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Centre for Orthopaedics
Suite 10-33/34/35 Mount Elizabeth Novena Specialist Centre
38 Irrawaddy Road
Singapore, 329563, Singapore
Ph: (65) 6684 5828
Fax: (65) 6684 5829

Child Orthopedics
Pain Management
Spine - Cervical
Spine - General
Spine - Lumbar
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I notice that when my husband smashes his finger with a hammer, he curses and swears and acts like a big baby. When I dropped a heavy box on my foot, it hurt like the dickens but I didn't rant and rave about it. Do you think men are just more sensitive to pain? Or are men more likely to yell and shout and be done with it. I was still complaining a week later and he never mentioned it again.

Many studies have been done on pain perception and differences by age, gender, and even personality type. Measures of acute pain have been made looking to see if some people just experience pain sooner and more intensely than others.

In a recent study from Vanderbilt University, pain intensity was compared for two groups of people based on their anger management styles. One type of anger management is called the anger-in management style. This refers to the person who holds emotion in and doesn't express it.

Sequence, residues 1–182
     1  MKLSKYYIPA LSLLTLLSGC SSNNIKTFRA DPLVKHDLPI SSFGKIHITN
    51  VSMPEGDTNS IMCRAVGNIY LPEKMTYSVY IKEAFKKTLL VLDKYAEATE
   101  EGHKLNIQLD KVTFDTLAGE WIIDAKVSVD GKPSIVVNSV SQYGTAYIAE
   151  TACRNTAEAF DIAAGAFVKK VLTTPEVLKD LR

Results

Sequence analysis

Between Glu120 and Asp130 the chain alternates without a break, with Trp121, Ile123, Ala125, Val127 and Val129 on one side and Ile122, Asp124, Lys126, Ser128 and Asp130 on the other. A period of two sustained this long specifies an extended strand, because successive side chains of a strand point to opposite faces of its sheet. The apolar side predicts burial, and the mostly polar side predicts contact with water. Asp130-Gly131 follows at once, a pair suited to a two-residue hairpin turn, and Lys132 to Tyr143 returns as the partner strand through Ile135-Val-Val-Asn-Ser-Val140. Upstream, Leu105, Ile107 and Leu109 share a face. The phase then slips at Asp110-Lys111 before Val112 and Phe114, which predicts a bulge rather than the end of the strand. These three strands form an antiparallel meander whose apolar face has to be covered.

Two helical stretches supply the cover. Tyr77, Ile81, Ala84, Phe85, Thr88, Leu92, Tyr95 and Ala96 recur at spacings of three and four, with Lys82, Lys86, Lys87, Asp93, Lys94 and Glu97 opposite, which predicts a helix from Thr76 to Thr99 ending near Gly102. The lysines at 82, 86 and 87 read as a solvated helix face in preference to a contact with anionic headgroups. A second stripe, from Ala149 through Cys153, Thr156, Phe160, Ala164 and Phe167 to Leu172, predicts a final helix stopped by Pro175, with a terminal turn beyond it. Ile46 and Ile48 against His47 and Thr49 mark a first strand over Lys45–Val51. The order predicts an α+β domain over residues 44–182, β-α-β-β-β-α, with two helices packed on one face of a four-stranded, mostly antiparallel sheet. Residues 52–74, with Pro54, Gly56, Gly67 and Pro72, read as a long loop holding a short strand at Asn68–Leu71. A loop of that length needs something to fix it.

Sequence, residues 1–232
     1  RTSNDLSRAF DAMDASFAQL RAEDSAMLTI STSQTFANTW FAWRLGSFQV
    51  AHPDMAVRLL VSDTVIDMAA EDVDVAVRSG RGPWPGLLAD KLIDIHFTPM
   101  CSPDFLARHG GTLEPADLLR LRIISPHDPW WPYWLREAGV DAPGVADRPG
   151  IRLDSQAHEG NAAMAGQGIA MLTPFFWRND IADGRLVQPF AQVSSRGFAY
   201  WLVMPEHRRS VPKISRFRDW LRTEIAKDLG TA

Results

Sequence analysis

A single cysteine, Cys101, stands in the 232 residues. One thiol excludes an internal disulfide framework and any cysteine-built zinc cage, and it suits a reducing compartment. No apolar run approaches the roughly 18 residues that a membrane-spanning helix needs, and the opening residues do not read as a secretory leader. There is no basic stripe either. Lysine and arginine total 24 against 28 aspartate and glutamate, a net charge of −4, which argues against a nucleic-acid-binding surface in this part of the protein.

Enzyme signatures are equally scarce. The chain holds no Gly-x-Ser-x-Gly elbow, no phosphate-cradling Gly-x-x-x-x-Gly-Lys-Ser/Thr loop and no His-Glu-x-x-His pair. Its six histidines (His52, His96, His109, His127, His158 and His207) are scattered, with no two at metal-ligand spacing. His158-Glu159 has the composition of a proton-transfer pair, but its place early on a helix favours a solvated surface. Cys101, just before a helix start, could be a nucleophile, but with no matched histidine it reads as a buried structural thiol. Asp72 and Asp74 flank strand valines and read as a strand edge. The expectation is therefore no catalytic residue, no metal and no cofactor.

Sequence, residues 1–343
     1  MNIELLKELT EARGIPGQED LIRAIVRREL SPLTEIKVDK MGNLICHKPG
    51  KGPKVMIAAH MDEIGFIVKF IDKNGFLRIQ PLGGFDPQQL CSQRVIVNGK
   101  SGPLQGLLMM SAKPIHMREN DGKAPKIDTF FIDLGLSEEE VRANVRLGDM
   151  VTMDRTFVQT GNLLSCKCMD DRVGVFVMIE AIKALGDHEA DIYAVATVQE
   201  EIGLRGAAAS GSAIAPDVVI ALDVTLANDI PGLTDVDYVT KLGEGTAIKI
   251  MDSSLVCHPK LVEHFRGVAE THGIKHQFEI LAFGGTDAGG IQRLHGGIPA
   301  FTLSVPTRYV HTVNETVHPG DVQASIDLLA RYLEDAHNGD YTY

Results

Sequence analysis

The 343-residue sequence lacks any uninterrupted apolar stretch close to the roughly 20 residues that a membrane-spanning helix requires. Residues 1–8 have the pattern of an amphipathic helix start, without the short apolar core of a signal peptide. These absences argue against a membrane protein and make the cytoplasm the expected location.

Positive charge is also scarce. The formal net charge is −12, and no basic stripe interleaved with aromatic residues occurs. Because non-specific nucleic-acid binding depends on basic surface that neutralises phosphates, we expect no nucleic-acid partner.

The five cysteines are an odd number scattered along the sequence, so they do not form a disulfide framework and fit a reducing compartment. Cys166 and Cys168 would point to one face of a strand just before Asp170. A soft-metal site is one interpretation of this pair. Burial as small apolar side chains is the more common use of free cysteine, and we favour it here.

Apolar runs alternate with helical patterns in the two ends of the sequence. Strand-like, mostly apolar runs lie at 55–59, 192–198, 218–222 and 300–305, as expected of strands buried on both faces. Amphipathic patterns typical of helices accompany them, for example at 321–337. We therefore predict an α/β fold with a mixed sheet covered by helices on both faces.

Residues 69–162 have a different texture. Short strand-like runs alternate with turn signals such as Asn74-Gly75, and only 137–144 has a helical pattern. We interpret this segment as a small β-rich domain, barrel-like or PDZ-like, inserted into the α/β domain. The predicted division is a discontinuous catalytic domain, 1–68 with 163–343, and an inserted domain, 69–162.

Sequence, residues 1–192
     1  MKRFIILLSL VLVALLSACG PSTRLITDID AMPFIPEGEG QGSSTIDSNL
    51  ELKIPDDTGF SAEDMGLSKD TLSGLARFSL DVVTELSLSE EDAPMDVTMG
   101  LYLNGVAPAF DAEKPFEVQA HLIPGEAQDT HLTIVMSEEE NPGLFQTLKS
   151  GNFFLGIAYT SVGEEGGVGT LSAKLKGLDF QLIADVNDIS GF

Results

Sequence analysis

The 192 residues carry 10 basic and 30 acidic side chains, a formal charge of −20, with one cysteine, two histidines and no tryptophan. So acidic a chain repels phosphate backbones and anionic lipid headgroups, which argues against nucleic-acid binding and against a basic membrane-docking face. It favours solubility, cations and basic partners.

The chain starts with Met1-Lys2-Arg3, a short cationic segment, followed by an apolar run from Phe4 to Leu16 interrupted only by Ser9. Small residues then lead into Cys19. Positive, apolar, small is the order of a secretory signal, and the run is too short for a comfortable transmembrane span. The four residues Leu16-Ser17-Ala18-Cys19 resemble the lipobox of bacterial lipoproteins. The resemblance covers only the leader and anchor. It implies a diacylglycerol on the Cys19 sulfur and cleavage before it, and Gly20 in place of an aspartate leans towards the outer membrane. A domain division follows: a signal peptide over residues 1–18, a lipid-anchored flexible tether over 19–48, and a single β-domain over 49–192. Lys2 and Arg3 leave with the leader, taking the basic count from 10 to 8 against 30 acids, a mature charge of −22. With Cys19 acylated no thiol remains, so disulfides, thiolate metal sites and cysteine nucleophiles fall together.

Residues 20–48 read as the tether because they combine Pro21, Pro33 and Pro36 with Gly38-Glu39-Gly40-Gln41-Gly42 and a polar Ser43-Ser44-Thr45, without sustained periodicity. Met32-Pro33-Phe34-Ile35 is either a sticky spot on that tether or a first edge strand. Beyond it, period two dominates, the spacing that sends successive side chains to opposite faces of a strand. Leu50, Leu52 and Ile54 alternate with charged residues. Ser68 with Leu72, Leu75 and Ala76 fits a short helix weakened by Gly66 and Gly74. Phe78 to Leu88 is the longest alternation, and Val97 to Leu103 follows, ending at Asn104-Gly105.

The second anger management style is called anger-out. This is the person who verbally and/or physically expresses anger easily. Your husband may be an anger-out individual, while you may be more of an anger-in person.

In the study, everyone was exposed to three types of pain. There was pressure as the tip of the index finger was squeezed with 2000 grams of pressure. Forearm ischemia was next. Ischemia refers to cutting the blood supply off to the area for a short time. And third, heat was applied to the forearm. The temperature was raised until the person couldn't take any more.

It turns out that there was no difference between the sexes. The main difference was whether or not the person was in the anger-out group. This group had more intense pain and less natural (endogenous) opioids released. Or at least there were fewer opioids measured in the blood.

It's possible that both groups release the same amount of opioids but they just don't get picked up and used by the cells in the anger-out group. Or perhaps their tolerance level for pain is higher and the opioids aren't released until much later.

The person smashes the thumb then screams and hollers. About that time, the natural pain relievers are released and they feel much better. This is just one way to explain it. There are many explanations but very few facts known about pain response/pain control.


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